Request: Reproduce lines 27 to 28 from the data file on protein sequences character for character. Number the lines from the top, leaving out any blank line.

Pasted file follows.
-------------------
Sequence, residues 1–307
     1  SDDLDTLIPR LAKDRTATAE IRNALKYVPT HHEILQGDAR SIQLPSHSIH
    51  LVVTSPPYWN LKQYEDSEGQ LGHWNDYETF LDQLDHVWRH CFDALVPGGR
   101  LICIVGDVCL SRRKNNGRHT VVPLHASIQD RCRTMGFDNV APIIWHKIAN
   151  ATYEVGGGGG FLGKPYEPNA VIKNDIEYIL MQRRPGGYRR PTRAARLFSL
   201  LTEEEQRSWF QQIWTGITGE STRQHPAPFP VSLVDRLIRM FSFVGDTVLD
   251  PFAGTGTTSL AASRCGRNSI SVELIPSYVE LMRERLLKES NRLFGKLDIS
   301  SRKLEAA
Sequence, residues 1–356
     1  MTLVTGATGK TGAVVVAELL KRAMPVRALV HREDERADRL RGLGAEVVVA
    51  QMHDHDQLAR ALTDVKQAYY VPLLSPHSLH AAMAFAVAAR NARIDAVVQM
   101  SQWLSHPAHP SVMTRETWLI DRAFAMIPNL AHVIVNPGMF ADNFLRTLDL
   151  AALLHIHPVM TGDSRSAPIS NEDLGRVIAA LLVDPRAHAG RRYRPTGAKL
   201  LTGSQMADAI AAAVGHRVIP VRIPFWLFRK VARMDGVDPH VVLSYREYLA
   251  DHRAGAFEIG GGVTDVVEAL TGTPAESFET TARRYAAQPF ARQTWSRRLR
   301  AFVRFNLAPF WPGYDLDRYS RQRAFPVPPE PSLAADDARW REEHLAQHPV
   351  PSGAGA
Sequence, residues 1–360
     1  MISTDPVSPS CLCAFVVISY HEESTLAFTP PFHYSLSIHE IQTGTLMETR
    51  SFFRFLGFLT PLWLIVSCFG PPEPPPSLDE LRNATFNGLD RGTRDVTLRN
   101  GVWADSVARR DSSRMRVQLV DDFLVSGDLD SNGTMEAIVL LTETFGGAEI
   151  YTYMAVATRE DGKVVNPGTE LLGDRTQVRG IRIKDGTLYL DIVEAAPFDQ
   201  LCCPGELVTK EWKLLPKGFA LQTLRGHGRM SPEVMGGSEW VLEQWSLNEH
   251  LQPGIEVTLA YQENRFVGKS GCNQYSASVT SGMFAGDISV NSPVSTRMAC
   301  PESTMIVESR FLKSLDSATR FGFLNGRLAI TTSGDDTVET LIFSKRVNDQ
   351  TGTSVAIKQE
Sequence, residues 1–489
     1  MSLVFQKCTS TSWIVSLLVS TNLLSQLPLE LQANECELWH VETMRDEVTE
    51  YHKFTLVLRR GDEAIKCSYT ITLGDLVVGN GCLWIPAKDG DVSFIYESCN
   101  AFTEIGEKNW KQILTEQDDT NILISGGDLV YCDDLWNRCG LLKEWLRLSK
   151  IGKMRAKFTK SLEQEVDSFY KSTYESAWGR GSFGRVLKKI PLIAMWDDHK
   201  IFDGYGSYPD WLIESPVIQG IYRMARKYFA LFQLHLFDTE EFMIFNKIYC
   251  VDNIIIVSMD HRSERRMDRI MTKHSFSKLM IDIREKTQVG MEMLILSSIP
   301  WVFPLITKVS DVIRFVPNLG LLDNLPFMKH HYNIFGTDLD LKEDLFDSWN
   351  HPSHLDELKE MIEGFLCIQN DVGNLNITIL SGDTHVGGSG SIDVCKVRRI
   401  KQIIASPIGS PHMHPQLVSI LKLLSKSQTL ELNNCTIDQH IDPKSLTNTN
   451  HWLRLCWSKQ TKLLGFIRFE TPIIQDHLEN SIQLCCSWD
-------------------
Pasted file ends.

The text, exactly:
Sequence, residues 1–489
     1  MSLVFQKCTS TSWIVSLLVS TNLLSQLPLE LQANECELWH VETMRDEVTE